Calming your Vata Dosha this Fall

Healing Tips from Ayurveda

What is Ayurveda
Ayurveda, the traditional medicinal system from ancient India, has been healing humanity through lifestyle modifications and herbal medicine for over 6000 years. Ayur-veda, meaning the knowledge of life, suggests that our lifestyle be examined before taking medicine. These lifestyle modifications are simple things that your own grandmother might have told you, especially if she were from India. We will examine some of these simple home remedies that will help promote calmness during the fall season.

3 Doshas-4 Seasons
In Ayurveda, there are 3 primary energies or doshas (do┼Ťas): Vata (Air-Ether), Pitta (Fire-Water), and Kapha (Water-Earth). Just as every person and every time of day has a dosha that predominates, every season is also dominated by one of the 3 doshas. Fall is ruled by Vata, winter by Kapha, spring by Kapha-Pitta, and summer by Pitta.

Calming your Vata this Fall
No matter what your prakrti (natural constitution), you are always affected by the changes in your environment including the seasonal ones. When the dry, cool fall winds start to blow, it is important to adjust your lifestyle to balance the Vata predominant in nature. If you have a Vata constitution (endomorph, thin, tight body type), these tips are even more important as you will be doubly affected by the Vata season. Kaphas (endomorphs, large, round body types) and Pittas (mesomorphs, medium, muscular body types) are more affected by winter and summer, respectively.

Daily Lifestyle Routines
The word routine is death to Vatas, but that is exactly what they need to calm their over stimulated nervous systems. Ideally, going to bed before 10 pm and getting up before 6am is the suggested sleep pattern for all prakrtis, especially during the fall. Another important routine is that of eating. Regular eating times, a light breakfast, a heavier lunch, and a light dinner before 6pm, all aid digestion and calm vata imbalances. Since both of these ideals are difficult to achieve in our 24-7 society, do the best you can to at least establish a regular routine, no matter what it is. Getting up early one day and sleeping in the next or eating at 6pm one day and at 10pm the next, all promote Vata imbalance and poor digestion-elimination.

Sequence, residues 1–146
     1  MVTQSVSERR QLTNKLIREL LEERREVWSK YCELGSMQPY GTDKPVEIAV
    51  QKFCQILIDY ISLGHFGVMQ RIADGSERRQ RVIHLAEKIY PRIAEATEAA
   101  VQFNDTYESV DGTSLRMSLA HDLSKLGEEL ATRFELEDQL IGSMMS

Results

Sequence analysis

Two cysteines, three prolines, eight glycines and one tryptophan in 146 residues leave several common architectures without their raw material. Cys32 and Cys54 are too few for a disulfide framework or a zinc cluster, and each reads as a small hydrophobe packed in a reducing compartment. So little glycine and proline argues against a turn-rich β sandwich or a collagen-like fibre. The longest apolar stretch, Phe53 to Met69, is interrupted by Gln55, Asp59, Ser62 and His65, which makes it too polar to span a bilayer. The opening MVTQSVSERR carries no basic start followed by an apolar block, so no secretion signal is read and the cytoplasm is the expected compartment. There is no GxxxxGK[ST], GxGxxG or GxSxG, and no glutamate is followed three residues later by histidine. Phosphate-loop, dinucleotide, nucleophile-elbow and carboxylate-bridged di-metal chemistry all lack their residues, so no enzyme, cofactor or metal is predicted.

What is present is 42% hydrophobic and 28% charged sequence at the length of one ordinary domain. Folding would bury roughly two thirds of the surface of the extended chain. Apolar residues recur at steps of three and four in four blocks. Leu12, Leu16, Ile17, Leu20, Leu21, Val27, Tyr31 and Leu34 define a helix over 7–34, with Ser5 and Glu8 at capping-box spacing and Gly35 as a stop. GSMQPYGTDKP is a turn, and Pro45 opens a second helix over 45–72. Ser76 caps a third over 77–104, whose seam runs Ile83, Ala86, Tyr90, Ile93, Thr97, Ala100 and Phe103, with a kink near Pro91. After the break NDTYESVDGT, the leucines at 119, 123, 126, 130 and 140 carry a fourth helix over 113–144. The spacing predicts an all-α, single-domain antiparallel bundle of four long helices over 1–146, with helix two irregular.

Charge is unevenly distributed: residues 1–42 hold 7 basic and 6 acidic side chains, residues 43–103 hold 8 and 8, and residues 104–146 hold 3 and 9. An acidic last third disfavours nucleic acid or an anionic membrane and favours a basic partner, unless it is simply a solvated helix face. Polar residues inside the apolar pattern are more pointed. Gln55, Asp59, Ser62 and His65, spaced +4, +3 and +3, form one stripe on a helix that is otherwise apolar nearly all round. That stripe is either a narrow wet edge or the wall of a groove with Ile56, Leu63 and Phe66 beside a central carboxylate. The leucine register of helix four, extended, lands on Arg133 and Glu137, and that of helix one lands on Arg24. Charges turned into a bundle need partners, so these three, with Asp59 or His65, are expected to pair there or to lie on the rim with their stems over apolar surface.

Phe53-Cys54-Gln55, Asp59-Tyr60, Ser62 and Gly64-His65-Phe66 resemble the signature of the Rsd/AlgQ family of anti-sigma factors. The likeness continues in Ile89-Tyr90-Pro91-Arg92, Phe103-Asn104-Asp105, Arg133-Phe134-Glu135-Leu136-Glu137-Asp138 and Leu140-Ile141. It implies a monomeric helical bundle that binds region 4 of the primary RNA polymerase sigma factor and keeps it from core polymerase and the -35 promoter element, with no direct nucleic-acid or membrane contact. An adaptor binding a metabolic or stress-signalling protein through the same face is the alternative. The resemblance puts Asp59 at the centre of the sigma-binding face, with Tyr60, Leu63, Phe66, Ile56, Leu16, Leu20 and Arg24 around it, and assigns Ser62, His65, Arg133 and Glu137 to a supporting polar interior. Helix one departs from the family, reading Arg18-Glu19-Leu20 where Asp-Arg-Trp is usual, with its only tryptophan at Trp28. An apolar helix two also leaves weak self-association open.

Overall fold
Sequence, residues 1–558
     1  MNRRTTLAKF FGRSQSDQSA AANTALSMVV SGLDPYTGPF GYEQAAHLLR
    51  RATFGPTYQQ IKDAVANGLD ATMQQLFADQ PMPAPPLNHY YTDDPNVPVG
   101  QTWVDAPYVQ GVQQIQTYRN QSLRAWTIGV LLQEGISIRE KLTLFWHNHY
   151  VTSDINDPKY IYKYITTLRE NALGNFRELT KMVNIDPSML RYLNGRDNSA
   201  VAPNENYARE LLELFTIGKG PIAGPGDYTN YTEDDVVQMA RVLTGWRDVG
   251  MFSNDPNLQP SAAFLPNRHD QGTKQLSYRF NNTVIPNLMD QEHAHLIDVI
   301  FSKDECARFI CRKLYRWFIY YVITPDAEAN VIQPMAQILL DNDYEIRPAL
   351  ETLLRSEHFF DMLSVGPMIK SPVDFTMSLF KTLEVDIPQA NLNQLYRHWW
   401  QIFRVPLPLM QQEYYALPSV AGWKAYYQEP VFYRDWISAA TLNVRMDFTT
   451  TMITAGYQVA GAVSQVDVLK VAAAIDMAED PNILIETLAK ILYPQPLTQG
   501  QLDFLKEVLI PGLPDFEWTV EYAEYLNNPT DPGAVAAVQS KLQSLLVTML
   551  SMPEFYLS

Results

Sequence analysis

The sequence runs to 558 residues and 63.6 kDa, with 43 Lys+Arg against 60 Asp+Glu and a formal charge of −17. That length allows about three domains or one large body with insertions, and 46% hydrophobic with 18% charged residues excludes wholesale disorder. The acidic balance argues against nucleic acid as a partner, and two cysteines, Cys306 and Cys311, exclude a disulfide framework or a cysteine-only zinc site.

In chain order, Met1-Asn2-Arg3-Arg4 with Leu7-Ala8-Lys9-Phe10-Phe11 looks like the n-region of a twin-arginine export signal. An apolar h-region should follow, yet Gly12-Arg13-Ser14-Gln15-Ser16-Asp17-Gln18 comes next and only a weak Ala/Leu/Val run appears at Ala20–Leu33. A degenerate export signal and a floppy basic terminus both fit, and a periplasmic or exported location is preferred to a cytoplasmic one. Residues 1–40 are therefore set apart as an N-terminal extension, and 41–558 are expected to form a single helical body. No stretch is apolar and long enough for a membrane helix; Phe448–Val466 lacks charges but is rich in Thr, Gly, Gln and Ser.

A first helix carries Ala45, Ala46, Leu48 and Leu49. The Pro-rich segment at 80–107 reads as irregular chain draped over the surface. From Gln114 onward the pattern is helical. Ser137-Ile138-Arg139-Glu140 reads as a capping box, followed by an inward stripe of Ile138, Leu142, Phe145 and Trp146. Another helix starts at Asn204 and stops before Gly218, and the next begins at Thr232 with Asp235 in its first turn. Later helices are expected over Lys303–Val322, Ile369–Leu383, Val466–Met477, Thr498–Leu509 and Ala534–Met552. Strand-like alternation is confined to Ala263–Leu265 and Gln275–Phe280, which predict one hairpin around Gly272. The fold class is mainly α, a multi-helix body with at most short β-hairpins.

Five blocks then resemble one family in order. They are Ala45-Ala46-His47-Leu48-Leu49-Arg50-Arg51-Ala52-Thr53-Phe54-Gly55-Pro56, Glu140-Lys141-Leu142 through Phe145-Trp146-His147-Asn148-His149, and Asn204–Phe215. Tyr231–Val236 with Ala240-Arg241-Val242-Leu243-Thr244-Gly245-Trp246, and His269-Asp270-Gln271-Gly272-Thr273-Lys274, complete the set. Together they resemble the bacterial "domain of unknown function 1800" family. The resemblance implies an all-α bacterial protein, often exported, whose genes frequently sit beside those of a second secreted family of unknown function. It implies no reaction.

Body Oil Massage
Another important way of balancing Vata, is through massaging the body, joints, and even the head with oil. Sesame oil is the generic anti-Vata oil for back/neck pain, sore joints, dry feet, dry skin, and anxiety, all Vata imbalances. Heat the oil slightly before applying and try to leave on at least one hour before showering it off. You can also try putting some on your feet, knees, belly, back, neck, etc. before bed and showering it off in the morning. For Yogis, try putting it on before your Yoga practice and see the effects.

Warm, Moist, Oily Food
Adding some 3-6-9 or sunflower oil to your favorite stir fry, dhal, oatmeal or soup just before eating it, will also help calm your Vata this fall. Spicy pumpkin, acorn, or carrot soups will ward off the dry, cool winds from your bones and calm the nervous system. They will help keep your digestive fires burning brightly. Holiday favorites at a typical Thanksgiving meal all decrease Vata while promoting Pitta and Kapha. Be careful of caffeinated teas which promote Vata though chai is more balanced with its warming spices.

During this season of harvest, by giving thanks for all that we have, the Vata predominance of the fall season is balanced and nourished by the more Kapha emotions of love and gratitude. Make gratitude part of your daily routine including in your Yoga practice. Changes made at the mind-heart level have a more fundamental effect on our healing than any other lifestyle modifications we may make.

As we move into the fall season of freshly harvested food, pumpkin pies, and spiced teas, keep warm and nourished inside and out through these simple lifestyle modifications.

Maggie Reagh is a Yoga Therapist who teaches group and private Yoga classes at the Ayurveda Yoga Space in Kitsilano and Capilano University in North Vancouver.
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